One of the few fatal cases of West Nile virus ever confirmed in Sarnia-Lambton went undiagnosed for a month, the family of the victim says.
Linda White, 71, died of the mosquito-borne virus on March 23.
“It was just like the flu,” daughter Beth Squire told The Journal. “They did tests, they couldn’t find anything… It blew them away that they didn’t know what was wrong. She was totally healthy and (then) she couldn’t even walk.”
West Nile virus is spread through the bite of an infected mosquito. The great majority of people infected with West Nile virus do not get sick, and those who do usually experience mild flu-like symptoms such as fever, headache, skin rash or muscle aches, says Lambton Public Health.
Less than 1% of people infected with the virus become seriously ill, and it can take weeks for the symptoms to appear, health officials say.
It’s believed an infected mosquito bit White in late August of 2018. She was trying to quit smoking at the time and assumed her symptoms were related to nicotine withdrawal, said Squire.
She visited Bluewater Health in Petrolia on Labour Day weekend last year. Doctors gave her fluids and suspected influenza, she said.
But the next day, White was so weak she couldn’t get off the couch. Squire called 911 and her mother was rushed to hospital and admitted. She never went home again.
Ultrasounds, CT scans and blood tests found nothing conclusive, Squire said. White was admitted to the Intensive Care Unit at Bluewater Health in Sarnia, no longer able to eat or breathe on her own.
She was transferred her to London. There, physicians suspected White might have meningitis and performed an invasive procedure to extract fluid from her lower spine.
That test confirmed West Nile virus, said Squire. “We went a month without a diagnosis.”
White spent the next six months in hospital. Squire, a nurse, said there is no vaccine or cure for West Nile, and had doctors known what was making her mother sick the treatment would have been the same.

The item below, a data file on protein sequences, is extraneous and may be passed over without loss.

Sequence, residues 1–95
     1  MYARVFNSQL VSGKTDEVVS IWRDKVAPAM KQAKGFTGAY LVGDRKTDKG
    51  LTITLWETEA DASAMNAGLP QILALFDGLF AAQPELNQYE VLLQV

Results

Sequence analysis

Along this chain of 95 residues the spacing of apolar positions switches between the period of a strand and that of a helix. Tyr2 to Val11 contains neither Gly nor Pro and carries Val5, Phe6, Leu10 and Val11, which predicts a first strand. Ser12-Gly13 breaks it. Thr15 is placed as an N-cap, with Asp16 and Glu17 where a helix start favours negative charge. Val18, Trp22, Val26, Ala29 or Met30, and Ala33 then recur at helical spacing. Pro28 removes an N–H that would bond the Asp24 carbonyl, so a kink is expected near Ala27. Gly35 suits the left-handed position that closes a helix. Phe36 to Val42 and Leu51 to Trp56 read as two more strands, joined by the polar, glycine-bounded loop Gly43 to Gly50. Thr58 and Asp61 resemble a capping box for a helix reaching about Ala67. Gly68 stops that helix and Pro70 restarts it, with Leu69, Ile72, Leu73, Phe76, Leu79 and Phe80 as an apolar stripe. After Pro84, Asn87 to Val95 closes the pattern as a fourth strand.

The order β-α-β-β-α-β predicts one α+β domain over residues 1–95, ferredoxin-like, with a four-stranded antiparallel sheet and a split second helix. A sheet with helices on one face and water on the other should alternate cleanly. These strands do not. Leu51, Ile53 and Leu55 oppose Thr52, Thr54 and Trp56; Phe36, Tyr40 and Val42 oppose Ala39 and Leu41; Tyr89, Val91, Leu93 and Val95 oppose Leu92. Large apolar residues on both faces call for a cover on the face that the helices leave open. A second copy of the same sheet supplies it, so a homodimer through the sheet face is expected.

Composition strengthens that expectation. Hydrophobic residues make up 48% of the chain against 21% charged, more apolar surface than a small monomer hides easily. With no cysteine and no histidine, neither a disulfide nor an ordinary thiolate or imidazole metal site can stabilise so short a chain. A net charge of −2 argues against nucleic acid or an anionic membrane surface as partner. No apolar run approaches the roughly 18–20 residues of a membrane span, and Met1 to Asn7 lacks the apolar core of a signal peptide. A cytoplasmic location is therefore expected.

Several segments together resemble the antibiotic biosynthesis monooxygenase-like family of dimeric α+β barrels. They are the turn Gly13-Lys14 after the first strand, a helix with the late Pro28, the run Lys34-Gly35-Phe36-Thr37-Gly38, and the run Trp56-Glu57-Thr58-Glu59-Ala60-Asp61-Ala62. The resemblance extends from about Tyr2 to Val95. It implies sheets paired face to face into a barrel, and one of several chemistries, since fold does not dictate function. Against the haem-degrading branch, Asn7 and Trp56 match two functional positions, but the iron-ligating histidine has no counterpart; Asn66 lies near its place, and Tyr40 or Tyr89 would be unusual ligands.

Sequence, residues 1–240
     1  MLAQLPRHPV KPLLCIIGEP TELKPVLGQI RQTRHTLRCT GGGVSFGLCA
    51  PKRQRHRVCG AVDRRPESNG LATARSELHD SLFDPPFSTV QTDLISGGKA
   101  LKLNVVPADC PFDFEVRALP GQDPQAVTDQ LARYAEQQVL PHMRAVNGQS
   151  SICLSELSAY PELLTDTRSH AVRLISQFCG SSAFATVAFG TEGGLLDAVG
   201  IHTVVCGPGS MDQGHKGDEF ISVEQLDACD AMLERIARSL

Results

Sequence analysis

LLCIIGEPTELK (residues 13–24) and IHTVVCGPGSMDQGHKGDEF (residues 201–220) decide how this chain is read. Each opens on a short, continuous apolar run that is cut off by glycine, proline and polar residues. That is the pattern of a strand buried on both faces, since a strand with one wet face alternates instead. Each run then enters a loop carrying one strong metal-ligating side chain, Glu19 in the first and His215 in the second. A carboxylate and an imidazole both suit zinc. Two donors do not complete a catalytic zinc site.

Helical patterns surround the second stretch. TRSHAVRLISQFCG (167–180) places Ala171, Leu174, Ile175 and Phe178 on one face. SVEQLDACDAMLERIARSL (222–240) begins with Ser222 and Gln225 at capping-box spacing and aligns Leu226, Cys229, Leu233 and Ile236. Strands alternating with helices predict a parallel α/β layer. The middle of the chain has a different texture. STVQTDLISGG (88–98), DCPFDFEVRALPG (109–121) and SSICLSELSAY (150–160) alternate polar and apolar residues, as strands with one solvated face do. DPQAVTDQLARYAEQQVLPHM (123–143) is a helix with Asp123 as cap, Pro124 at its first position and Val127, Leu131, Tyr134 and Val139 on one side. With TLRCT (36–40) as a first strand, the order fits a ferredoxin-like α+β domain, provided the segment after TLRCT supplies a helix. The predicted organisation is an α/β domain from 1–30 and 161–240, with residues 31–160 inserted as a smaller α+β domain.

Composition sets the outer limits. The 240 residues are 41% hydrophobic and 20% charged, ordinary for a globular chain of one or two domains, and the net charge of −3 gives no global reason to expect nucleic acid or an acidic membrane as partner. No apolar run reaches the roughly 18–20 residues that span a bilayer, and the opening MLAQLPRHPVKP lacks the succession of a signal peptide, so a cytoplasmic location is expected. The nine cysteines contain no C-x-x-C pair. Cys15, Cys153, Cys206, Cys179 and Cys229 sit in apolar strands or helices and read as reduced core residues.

Sarnia-born Linda White was a hard-working woman who always took care of the people around her. She was passionate about horses and agriculture, loved line dancing, and spent much of her free time with her grandsons and great grandsons, her daughter said.
Doctors said her death from West Nile was “one in a million,” she added.
“You can get it and it can be like the flu. And you may not even go to the doctor. They won’t even test you because they think it’s the flu.”
The virus attacked White’s spine and brain resulting in partial paralysis. Though her health improved a bit early this year it was short-lived.
Squire said she believes people aren’t paying enough attention to West Nile virus and the mosquitoes that spread it. But she also believes physicians in Sarnia and London did everything they could to help her mother.
“I thought the doctors took really excellent care of my mom. They did everything, they took every test, they gave her every antibiotic, but nothing seemed to help,” she said.
“Maybe there’s not enough research.”
A mosquito trap in Petrolia tested positive for West Nile on Aug. 28, but no human cases have been detected in Sarnia-Lambton so far this year.
In Ontario, as of Oct. 19, 14 confirmed or probably human cases were reported. In 2018, Ontario had 137 human cases.